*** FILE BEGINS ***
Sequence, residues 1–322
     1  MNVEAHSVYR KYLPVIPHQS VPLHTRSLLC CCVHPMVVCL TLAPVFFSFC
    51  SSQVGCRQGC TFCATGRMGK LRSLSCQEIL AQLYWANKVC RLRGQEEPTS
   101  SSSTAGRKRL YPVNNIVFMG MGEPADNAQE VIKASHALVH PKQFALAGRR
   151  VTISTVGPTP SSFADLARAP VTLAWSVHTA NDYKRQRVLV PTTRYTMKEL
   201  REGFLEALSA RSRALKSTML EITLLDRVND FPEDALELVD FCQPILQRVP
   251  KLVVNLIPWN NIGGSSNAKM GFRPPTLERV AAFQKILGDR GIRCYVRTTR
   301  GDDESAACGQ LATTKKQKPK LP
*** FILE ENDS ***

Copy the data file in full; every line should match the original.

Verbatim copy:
Sequence, residues 1–322
     1  MNVEAHSVYR KYLPVIPHQS VPLHTRSLLC CCVHPMVVCL TLAPVFFSFC
    51  SSQVGCRQGC TFCATGRMGK LRSLSCQEIL AQLYWANKVC RLRGQEEPTS
   101  SSSTAGRKRL YPVNNIVFMG MGEPADNAQE VIKASHALVH PKQFALAGRR
   151  VTISTVGPTP SSFADLARAP VTLAWSVHTA NDYKRQRVLV PTTRYTMKEL
   201  REGFLEALSA RSRALKSTML EITLLDRVND FPEDALELVD FCQPILQRVP
   251  KLVVNLIPWN NIGGSSNAKM GFRPPTLERV AAFQKILGDR GIRCYVRTTR
   301  GDDESAACGQ LATTKKQKPK LP